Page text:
(born Dec. 11, 1890, Centerville, Wis., U.S.—died April 24, 1976, Basel, Switz.) U.S. painter. He studied at the Art Institute of Chicago. In 1918 he converted to the Bahā’ī religion and his work became inspired by Asian art and thought. In the 1930s he achieved notoriety with his “white writing” paintings, consisting of a web of calligraphic marks painted in white on a gray or coloured ground (e.g., Broadway, 1936), which soon displaced his representational work. His style is distinguished by his use of the small format and a refined execution in watercolour, tempera, or pastel. In the 1950s he exerted much influence abroad, especially on French Tachism.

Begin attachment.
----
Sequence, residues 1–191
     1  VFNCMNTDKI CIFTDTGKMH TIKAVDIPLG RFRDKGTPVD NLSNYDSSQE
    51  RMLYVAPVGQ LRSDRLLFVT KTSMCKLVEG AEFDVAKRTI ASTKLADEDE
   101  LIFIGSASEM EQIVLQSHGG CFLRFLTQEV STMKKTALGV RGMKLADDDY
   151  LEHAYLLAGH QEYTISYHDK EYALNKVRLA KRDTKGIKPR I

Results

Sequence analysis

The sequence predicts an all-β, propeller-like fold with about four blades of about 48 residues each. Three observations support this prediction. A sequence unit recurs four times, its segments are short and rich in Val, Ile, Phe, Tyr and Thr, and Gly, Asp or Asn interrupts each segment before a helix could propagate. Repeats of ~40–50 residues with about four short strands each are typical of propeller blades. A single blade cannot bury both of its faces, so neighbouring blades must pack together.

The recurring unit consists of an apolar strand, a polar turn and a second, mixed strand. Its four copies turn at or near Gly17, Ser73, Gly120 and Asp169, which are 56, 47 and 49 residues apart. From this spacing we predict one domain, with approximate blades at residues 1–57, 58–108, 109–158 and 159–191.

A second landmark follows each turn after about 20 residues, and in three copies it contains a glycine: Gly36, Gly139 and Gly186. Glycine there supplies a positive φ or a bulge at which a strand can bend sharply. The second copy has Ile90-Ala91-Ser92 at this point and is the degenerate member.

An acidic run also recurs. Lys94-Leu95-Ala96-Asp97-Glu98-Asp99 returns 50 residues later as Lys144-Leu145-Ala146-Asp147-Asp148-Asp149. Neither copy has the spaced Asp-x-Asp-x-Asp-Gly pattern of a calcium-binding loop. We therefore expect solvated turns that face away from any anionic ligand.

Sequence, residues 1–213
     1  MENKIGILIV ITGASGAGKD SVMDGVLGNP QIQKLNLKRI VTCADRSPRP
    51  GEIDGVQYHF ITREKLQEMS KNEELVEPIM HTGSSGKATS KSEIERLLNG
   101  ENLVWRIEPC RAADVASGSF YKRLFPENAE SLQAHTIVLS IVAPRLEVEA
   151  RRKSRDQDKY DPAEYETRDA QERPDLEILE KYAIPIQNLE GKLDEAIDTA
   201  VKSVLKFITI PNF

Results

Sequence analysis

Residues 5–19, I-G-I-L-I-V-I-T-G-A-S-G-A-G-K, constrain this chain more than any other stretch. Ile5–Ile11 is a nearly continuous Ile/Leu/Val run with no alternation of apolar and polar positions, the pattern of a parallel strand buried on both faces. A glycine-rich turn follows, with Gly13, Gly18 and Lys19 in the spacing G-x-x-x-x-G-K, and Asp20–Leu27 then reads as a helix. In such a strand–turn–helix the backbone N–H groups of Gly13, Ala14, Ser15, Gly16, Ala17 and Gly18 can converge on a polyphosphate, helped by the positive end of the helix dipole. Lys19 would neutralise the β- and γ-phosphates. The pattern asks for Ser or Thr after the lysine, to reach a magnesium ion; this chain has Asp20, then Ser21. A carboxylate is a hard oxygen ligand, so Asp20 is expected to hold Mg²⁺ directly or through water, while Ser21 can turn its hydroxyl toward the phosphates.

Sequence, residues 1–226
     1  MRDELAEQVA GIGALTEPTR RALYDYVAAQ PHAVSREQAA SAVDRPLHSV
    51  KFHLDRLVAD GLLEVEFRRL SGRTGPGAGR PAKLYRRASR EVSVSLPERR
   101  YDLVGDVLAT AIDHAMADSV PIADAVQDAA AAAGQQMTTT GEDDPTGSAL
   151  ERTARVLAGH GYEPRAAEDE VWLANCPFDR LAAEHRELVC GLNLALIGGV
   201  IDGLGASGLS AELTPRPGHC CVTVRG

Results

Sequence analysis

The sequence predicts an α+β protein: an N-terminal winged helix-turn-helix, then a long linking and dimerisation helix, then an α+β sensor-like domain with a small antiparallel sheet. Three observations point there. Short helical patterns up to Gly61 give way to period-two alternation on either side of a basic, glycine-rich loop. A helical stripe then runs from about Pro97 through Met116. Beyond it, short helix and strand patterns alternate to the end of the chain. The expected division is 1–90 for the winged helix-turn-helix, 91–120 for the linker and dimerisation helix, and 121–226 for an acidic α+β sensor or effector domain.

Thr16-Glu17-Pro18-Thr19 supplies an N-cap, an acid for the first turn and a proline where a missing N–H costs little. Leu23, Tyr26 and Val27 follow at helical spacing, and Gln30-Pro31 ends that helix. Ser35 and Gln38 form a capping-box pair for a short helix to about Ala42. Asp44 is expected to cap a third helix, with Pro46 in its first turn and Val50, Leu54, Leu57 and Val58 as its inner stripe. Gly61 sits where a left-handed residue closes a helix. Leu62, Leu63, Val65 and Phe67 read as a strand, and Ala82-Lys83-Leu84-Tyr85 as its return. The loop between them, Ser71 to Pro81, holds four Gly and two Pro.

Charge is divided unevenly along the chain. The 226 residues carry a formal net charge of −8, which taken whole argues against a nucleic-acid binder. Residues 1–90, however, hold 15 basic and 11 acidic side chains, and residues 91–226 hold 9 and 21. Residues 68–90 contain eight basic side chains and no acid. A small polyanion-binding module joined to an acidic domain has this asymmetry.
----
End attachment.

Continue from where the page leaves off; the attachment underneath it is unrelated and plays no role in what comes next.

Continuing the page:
Birth Place: Centerville, Wisconsin, United States
Death Place: Basel, Switzerland
Name: Tobey, Mark or Mark Tobey
Activity: American artist
Keywords: Basel, Mark Tobey, Switzerland, American, Tobey, Mark, Wisconsin, Centerville, painting, Abstract Expressionism
The American painter Mark Tobey was born at Centerville, Wisconsin. His formal artistic training was restricted to a series of...
He initially worked as a fashion illustrator and interior decorator. He converted to Baha'i, a religion emphasizing the unity of...
He is known for paintings in which coloured forms are overlaid by white brush strokes. He adopted this so-called white writing...